This year, India drew a blank at Cannes in the Cyber category. While we had a pretty good run with 23 metals thus far, the lack of even a single metal in Cyber is disappointing. A look at the winners – be it the Grand Prix, Gold or any other metal, it shows that when in comes to Digital/Interactive, we perhaps need a lot of catching up to do.
I feel that most online/digital work is still caught up in the 2D-animated Bollywood spoof. ‘Let’s create a viral campaign’ is also a common phrase when planning a ‘surround’ campaign. But, hello? Viral campaigns don’t get created, they happen. If consumers find it interesting, they will share it irrespective of whether it was designed or engineered to be shared. So in the process of trying to engineer this ‘would-be popular’ stuff we may end up creating stuff that falls into a stereotype: “hey, that ‘Daddu ki Amanant’ worked I think, so let’s do something like that’ syndrome”.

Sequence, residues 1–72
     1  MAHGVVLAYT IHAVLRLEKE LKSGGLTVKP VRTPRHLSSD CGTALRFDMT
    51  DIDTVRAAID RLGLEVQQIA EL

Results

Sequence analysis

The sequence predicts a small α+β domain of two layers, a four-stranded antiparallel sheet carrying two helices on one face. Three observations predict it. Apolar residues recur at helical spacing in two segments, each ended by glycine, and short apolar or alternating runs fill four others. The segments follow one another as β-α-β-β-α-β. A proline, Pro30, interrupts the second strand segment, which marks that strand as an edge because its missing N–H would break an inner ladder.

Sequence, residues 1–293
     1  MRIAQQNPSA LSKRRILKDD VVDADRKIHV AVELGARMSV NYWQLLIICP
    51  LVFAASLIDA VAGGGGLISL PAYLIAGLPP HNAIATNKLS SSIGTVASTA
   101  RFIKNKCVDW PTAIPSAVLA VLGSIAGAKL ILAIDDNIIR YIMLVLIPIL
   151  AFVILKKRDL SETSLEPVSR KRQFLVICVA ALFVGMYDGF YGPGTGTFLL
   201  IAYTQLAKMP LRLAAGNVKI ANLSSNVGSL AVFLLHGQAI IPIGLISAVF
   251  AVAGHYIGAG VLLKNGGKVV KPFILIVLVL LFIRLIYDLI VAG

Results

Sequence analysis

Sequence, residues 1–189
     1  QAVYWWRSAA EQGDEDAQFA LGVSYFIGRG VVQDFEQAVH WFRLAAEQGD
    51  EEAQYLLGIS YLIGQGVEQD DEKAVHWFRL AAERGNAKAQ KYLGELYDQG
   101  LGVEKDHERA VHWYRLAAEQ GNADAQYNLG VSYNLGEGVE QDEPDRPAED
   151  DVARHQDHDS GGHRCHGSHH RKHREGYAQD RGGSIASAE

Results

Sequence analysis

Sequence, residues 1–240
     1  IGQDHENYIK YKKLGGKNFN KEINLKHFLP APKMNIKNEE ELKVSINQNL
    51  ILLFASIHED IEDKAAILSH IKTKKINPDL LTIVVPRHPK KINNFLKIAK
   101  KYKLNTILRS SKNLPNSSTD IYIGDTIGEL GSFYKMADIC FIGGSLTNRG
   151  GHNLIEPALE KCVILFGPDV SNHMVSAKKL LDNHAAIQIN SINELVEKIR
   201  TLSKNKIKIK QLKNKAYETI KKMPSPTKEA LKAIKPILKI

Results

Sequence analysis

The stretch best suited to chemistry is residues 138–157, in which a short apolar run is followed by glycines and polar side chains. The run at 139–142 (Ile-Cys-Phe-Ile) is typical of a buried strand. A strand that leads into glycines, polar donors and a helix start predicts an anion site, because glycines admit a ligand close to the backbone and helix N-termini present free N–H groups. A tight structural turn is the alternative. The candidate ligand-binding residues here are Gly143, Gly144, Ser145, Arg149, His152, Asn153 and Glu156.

Most of the work that picked up metals in the Cyber category were truly interactive. Some used more than one medium, like the Fiat Eco Drive (which won a Grand Prix) campaign. The Eco Drive idea was truly exceptional because it combined the PC, car and the online medium but made it all so simple. Others like Heinz’s ‘Talk to the plants‘, which won a Silver, deserve a metal for the sheer audacity of the idea.
When it comes to plain-vanilla stuff like web banners, it is a great mix of interactive and rich media. The Apple editorial banner or even the simpler one for Pringles are good examples of using the medium well. Check out the fun Pringles banner (which won a Gold).
In India the road blocks to outstanding, global-standard digital work could be: relatively small numbers of consumers with access to the internet, thus making it an ‘also-ran’ medium for most clients; (b) advertising agencies’ creative talent still not very comfortable with the demands of a new medium and seeing at as an ‘adaptation’ medium. What say? Better luck next year?